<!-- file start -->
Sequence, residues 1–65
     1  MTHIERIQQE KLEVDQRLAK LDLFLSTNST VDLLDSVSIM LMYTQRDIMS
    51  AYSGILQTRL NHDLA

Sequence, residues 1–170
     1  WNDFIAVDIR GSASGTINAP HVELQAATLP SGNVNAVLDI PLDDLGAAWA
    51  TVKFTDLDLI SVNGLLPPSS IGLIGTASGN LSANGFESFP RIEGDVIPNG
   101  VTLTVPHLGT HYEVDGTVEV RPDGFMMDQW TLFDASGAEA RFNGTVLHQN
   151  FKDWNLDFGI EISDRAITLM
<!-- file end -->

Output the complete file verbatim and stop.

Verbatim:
Sequence, residues 1–65
     1  MTHIERIQQE KLEVDQRLAK LDLFLSTNST VDLLDSVSIM LMYTQRDIMS
    51  AYSGILQTRL NHDLA

Sequence, residues 1–170
     1  WNDFIAVDIR GSASGTINAP HVELQAATLP SGNVNAVLDI PLDDLGAAWA
    51  TVKFTDLDLI SVNGLLPPSS IGLIGTASGN LSANGFESFP RIEGDVIPNG
   101  VTLTVPHLGT HYEVDGTVEV RPDGFMMDQW TLFDASGAEA RFNGTVLHQN
   151  FKDWNLDFGI EISDRAITLM